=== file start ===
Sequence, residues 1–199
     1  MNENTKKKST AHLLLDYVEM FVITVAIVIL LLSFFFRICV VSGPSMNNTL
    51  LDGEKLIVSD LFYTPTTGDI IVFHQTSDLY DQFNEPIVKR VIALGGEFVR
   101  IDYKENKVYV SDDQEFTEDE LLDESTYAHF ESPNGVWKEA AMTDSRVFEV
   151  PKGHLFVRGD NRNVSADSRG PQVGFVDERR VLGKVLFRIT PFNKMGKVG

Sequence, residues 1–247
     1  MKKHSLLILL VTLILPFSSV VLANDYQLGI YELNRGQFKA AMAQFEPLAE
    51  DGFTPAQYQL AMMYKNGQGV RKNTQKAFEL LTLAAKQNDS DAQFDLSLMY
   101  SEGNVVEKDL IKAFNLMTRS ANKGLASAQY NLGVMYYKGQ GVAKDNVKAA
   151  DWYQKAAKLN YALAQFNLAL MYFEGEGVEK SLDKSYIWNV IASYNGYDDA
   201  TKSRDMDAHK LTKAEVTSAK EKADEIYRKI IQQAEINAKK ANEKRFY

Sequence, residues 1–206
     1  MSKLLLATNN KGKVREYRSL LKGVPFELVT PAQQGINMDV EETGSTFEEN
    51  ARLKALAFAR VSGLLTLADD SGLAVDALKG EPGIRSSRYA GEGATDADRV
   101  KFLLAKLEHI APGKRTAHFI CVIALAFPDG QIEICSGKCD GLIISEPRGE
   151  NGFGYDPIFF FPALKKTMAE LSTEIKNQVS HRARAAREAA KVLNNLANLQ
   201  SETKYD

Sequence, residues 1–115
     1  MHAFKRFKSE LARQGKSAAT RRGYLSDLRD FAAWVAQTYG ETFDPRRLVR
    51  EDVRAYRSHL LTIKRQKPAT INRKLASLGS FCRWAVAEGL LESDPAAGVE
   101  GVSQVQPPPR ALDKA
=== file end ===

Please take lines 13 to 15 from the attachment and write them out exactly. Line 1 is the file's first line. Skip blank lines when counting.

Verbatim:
     1  MSKLLLATNN KGKVREYRSL LKGVPFELVT PAQQGINMDV EETGSTFEEN
    51  ARLKALAFAR VSGLLTLADD SGLAVDALKG EPGIRSSRYA GEGATDADRV
   101  KFLLAKLEHI APGKRTAHFI CVIALAFPDG QIEICSGKCD GLIISEPRGE